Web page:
The low point on the course, about 37 feet MSL, will come at mile 16 along the eastern shore of Somes Sound. This is followed by a slight rise to mile 17, and then a sharp incline from 17 to 18, heading up to the cliffs of the interior end of the fjord. Running hills makes for powerful camaraderie. Mile 19 is a giveback downhill, and then the gradual ascent from mile 20 to 25 begins in Somesville, the quintessential New England village.

Mile 25 will be the high point of the course, literally and figuratively—about 243 MSL—affording great views. And it will be all downhill from there. The final 1.2 miles to the finish line in charming Southwest Harbor descends; yes, that last 2,000 meters will be all down. But what a sky-high feeling of accomplishment it will bring.

There will be a shuttle bus from Bar Harbor to the finish for spectators, and then runners, walkers, and spectators can all ride the shuttle back to the start in Bar Harbor.

Hand carved granite awards will be given in 24 (5-year) age groups through 80+. All participants will receive commemorative T-shirts, unique MDI medals, and a certificate of completion.

The Island

Mount Desert Island is the largest rock-based island on the east coast, one of 1,300 islands on the coast of Maine. It is roughly 14 by 8 miles, or approximately 107 square miles, 65 of which are Acadia National Park (47,000 acres). Nestled between Blue Hill Bay to the west and Frenchman Bay to the east, MDI holds ruggedly beautiful mountains, breathtaking pink granite cliffs, and woodlands to the shoreline—unbelievable scenery in every direction. It is 37 miles southeast of the City of Bangor.

The Native American name for the island was Pemetic, or sloping land. It is where mountains meet the sea. Samuel de Champlain (Lake Champlain is named for him) gave the island its current name, calling it “L’Isle des Monts Deserts”, which means island of barren mountains. The highest peaks were bald granite even then, in 1604. The French also settled the region in that year, 16 years before the Plymouth Colony.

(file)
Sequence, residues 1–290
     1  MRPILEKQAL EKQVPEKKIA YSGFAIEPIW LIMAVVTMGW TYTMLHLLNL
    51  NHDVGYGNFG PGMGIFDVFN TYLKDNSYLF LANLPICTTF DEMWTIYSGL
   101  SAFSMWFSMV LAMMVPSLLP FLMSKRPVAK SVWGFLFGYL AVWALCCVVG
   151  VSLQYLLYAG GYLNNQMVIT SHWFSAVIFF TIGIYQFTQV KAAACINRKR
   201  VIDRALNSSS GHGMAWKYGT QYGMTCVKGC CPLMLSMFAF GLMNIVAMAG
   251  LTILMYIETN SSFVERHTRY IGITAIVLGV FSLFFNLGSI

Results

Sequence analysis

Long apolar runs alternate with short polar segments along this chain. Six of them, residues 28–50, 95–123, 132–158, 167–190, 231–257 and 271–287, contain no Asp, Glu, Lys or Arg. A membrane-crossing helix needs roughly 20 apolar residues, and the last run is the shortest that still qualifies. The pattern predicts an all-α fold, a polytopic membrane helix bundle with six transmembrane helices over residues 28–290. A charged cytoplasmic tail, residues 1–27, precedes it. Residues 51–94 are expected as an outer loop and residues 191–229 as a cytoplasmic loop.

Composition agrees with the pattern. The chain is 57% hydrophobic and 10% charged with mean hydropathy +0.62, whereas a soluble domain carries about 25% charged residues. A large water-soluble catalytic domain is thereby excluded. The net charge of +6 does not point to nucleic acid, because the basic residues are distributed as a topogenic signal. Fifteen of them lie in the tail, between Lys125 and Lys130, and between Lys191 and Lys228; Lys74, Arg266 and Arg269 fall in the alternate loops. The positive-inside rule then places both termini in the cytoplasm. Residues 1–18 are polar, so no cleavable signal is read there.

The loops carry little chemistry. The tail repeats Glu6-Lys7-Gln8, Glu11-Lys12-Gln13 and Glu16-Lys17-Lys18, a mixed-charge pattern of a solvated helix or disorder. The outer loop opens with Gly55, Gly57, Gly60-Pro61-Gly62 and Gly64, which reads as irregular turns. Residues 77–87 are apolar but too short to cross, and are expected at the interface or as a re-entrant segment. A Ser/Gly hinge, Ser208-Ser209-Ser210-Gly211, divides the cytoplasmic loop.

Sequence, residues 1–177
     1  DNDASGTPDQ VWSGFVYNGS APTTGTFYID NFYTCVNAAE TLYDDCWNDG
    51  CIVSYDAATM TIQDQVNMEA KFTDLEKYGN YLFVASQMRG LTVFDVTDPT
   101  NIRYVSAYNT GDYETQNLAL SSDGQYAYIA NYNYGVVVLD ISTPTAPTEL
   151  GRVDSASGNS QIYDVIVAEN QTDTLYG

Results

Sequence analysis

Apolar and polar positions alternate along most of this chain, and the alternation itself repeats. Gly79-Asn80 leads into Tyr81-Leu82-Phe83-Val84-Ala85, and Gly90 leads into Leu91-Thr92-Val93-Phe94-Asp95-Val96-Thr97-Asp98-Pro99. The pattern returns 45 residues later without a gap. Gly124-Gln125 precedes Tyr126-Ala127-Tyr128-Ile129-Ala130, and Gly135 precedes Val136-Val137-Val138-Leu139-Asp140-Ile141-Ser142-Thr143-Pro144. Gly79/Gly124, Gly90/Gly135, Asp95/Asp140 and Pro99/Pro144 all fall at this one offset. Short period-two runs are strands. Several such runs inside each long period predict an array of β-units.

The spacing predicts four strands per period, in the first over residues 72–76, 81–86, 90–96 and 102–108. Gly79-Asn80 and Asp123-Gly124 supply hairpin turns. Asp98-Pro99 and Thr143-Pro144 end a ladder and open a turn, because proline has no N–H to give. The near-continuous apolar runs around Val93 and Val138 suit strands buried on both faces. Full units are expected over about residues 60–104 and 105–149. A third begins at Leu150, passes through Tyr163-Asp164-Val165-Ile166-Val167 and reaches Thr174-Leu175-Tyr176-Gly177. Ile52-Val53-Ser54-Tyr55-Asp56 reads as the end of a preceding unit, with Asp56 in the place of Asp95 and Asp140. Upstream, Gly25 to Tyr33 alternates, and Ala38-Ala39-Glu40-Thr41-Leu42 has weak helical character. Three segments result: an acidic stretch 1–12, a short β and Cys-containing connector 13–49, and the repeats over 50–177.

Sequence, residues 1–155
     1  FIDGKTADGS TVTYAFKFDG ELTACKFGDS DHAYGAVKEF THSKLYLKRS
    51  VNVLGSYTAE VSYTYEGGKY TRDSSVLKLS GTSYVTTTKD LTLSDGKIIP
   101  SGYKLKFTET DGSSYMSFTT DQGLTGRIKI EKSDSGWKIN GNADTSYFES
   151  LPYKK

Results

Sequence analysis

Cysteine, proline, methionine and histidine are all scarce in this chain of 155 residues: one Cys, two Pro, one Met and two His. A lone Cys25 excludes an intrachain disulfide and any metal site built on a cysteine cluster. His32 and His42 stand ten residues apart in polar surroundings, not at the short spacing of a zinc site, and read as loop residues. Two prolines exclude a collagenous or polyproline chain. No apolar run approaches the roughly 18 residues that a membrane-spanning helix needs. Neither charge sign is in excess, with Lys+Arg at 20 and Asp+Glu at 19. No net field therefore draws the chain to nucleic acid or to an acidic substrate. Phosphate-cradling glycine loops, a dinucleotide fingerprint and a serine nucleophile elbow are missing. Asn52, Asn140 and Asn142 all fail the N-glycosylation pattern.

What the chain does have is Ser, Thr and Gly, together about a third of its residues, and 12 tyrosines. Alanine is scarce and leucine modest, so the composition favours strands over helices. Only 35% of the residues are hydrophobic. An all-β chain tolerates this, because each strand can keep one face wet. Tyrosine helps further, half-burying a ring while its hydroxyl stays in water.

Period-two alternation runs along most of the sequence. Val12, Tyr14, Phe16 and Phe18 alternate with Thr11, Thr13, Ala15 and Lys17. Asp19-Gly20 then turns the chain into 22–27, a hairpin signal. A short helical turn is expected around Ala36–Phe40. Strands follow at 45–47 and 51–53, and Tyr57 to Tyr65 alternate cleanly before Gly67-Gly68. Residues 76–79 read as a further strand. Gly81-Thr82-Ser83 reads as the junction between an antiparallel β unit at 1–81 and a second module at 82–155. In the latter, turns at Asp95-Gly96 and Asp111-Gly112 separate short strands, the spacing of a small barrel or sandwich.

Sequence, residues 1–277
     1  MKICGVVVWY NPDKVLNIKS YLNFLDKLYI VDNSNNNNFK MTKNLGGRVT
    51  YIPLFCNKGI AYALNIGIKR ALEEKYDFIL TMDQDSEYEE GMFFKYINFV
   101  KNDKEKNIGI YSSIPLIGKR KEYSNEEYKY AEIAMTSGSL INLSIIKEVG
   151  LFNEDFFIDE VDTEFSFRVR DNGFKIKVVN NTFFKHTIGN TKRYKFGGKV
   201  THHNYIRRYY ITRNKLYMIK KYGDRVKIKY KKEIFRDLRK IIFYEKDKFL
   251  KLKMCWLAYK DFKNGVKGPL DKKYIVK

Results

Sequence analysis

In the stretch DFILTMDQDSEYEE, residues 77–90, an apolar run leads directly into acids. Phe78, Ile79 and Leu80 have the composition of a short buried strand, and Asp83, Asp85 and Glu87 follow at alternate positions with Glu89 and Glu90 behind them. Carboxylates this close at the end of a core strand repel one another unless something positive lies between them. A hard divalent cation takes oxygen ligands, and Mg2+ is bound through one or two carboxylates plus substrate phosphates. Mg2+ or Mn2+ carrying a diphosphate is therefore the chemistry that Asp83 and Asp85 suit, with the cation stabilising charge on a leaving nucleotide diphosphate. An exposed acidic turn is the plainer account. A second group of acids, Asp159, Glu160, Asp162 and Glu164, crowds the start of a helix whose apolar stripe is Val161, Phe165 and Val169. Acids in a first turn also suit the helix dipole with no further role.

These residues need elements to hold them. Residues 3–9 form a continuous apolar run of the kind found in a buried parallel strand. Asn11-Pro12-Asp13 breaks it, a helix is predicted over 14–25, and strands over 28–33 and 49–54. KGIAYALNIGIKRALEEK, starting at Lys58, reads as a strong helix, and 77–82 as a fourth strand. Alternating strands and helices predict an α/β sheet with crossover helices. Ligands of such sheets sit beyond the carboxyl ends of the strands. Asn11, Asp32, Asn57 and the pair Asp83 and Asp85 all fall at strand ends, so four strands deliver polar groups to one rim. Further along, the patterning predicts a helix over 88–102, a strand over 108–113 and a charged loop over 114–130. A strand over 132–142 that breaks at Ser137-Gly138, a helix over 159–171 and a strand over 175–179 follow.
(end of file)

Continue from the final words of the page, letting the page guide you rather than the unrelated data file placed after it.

In addition to the marathon course and the various other roads, the island boasts “the most scenic seaside roads in the eastern US”. These include the National Park auto loop (27 miles). There are 44 miles of graded carriage roads (ideal for running or biking [no motors allowed] with 17 unique stone bridges), and 120 miles of trails for running and hiking.

This island is a runner’s paradise. For cross training use the hiking trails and climb the 26 mountains in the park, or kayak the 26 deep blue lakes—three of them over 100 feet deep. Twenty-six seems to be the magic number here.

In addition to the only true fjord, MDI has the highest headlands on the East Coast, where the enormous energy of the Atlantic is constantly battering the 420-million year old cliffs with a pounding roar.

MDI is a haven for wildlife with 52 species of mammals, including whales, dolphins, and seals, often visible. There will likely be deer along the course. There are 273 species of birds, including at least six types of hawks, ospreys, and cormorants, along with 52 species of fish.

Other Names and Numbers

Acadia National Park, the first national park east of the Mississippi, was established in 1916 as Sieur de Monts National Monument. It was given National Park status in 1919 as Lafayette National Park; it was changed to Acadia National Park in 1929.

Acadia was the French Province and series of colonies, including much of Maine, New Brunswick, and Nova Scotia. It was a battleground between the British and French from the early 1600’s until 1763 when the French ceded all of Canada and Maine following their defeat in the French and Indian War (Seven Years War). The French Acadians were expelled in 1755.